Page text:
Prepare to Make a Different Choice

The confrontations you have with your addict will not always be easy, especially when you are in the grip of a powerful trigger. Your addict will try at every turn to counter your arguments, to lie and to trick you back into your compulsive behavior. Going into these situations unarmed will make them more difficult than they need to be. That is why preparing to make a different choice is so important.

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When you can recognize your triggers, you can prepare to face them down ahead of time. Much like a boxer or an MMA fighter might study their opponent’s moves before a fight, that’s what you need to do when preparing to confront your addict.

A great tactic to use is to fight fire with fire. Think of times in your life where you are triggered in a positive way. I had a client once who was in a bowling league, and a positive trigger for him was picking up his bowling bag. Whenever he did this, he was mentally preparing to be “up”, and excited and energized. This was a positive trigger for him. Use that energy.

When you are driving to work, you have some time in the car to make the mental shift from your “home self” to your “work self.” You know that the change is coming, and you prepare for it ahead of time. Likewise, when you are on the way home, you transition yet again, leaving the workday behind, and preparing to be more relaxed at home. These are all subtle ways we anticipate some of our triggers, and we do it every day.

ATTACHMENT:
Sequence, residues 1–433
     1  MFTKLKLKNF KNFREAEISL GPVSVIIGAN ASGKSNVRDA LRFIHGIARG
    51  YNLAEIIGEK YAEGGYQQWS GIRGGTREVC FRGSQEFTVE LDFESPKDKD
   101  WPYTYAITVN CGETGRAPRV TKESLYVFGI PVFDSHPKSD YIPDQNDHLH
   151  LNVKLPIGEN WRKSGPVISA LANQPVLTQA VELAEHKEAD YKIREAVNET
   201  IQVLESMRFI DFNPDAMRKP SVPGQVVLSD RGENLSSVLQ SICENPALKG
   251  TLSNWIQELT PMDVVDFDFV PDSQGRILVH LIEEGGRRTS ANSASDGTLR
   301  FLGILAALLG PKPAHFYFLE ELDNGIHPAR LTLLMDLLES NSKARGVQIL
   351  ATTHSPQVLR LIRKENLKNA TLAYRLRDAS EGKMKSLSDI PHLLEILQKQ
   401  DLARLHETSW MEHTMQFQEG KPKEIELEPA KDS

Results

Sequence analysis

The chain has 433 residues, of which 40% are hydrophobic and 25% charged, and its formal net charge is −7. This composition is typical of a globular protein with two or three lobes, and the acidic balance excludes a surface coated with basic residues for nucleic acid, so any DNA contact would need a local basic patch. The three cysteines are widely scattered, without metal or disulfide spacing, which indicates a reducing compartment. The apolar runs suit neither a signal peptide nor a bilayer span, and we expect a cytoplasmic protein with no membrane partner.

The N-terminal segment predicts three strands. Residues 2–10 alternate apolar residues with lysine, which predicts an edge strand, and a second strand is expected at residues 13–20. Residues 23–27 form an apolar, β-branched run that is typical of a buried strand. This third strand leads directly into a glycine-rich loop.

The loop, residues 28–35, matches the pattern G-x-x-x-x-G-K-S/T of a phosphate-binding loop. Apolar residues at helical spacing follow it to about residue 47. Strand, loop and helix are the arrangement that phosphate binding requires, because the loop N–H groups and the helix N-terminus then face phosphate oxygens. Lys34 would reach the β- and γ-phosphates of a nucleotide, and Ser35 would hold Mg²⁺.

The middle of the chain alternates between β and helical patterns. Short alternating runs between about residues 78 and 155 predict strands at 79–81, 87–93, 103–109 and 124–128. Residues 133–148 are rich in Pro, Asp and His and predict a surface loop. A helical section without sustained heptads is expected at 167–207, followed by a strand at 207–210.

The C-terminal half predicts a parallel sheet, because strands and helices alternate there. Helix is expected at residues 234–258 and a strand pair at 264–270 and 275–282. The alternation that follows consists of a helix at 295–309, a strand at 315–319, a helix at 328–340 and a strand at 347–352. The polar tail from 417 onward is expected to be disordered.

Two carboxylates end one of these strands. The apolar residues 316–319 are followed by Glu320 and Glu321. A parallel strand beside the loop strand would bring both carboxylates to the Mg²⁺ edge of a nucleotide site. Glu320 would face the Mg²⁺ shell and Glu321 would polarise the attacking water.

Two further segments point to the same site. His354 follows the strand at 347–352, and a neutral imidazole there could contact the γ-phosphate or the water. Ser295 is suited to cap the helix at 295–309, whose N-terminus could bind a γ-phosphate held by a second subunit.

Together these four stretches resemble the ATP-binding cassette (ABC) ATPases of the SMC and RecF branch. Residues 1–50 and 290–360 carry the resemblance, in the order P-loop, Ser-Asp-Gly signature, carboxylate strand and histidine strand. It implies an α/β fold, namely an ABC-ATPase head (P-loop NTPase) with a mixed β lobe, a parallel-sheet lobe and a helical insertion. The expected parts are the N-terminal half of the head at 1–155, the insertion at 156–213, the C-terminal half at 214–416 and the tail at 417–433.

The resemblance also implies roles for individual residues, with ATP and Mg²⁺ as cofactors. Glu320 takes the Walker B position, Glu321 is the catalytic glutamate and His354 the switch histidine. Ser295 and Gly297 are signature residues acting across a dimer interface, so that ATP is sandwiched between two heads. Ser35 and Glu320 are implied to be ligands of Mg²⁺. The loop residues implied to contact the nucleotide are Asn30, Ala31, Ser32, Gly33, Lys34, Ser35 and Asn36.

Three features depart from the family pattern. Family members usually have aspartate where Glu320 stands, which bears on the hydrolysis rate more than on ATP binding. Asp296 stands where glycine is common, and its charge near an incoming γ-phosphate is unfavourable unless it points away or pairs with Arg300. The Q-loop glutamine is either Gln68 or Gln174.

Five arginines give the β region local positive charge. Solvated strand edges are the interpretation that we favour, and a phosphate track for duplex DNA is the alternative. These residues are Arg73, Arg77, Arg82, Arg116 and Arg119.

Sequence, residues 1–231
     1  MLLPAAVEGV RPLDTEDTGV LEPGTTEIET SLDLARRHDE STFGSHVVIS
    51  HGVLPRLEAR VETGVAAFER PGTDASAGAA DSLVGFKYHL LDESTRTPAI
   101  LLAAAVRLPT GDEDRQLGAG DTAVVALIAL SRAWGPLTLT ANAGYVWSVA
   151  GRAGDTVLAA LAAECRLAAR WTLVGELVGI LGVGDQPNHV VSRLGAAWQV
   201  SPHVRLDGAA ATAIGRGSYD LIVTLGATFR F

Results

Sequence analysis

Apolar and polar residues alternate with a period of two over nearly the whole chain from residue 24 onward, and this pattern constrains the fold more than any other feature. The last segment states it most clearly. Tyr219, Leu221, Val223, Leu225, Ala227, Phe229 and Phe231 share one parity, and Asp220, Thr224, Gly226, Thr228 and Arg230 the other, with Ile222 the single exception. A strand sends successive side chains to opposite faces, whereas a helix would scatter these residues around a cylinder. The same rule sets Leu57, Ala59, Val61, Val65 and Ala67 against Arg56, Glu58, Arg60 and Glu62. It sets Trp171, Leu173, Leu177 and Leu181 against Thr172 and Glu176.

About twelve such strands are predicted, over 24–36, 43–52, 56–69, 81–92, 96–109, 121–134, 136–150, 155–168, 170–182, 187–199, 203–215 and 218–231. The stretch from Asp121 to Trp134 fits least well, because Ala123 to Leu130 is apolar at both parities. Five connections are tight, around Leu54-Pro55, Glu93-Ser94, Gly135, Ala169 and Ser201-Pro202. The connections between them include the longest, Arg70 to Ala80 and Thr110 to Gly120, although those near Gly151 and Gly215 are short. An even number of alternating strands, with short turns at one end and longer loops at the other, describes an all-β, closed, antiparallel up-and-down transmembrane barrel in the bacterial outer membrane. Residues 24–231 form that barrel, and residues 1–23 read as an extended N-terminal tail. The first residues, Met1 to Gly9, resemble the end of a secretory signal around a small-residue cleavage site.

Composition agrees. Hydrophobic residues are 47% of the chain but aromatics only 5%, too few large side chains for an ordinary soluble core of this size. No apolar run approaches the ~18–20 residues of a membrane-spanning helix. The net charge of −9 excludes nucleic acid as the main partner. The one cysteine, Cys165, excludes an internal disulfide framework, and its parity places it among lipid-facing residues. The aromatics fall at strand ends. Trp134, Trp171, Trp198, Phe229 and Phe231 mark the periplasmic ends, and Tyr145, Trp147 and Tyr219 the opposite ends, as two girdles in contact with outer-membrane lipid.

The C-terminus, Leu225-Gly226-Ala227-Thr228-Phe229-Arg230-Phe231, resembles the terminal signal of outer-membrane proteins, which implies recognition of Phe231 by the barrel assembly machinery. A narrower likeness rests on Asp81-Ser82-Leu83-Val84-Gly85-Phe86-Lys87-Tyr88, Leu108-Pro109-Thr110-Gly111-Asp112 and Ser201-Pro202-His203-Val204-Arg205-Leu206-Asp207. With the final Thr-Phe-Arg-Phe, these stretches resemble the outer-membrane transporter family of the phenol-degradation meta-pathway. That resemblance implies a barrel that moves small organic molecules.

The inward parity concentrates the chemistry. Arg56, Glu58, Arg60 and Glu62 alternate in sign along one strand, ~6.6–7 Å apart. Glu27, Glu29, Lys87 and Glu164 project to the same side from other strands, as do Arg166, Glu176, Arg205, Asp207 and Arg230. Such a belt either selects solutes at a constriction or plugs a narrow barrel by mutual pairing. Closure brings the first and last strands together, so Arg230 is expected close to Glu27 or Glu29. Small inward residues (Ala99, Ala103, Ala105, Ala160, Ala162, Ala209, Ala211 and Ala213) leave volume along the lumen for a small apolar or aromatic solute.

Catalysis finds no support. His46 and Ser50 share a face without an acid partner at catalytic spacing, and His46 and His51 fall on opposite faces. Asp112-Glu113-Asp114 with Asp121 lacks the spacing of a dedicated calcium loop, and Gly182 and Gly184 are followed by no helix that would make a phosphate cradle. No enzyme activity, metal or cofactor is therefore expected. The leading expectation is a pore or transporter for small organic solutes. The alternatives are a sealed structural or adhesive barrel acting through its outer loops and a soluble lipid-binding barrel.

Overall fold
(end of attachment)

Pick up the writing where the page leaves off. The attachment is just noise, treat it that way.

Start by noticing what triggers you. What are your thoughts, feelings and actions? It’s okay to simply observe yourself in these situations, and assess how you feel. Figure out what caused you to feel triggered, and demystify it. You can take the power away from the trigger, and you can resist. You don’t have to just give in. Instead, you take this chance to dialog with your addict. Get to understand why he wants to act out so badly, and prepare to make a different choice.

You always have a choice. Remember that. Sometimes, it feels like you don’t, but that’s the biggest lie of compulsive behavior. You feel like you can’t stop, or perhaps that you don’t even want to. Deep down, you already know your behavior is a problem, but you can often talk yourself into it anyway. Compulsion has been taking you away from the things, activities, and people who are most important to you. Your addict would have you keep doing that to the detriment of all else, unless of course, you know how to stop him in his tracks.

Once you start to realize what’s triggering you, that feeling does not have to escalate anymore. You can anticipate these situations, and have a plan in place for how you plan to combat them. When you notice, demystify and resist, every time you feel triggered, those triggers begin to lose their power. It’s a step-by-step process… and it requires your full commitment. But it has worked for thousands of other men, and it can work for you too.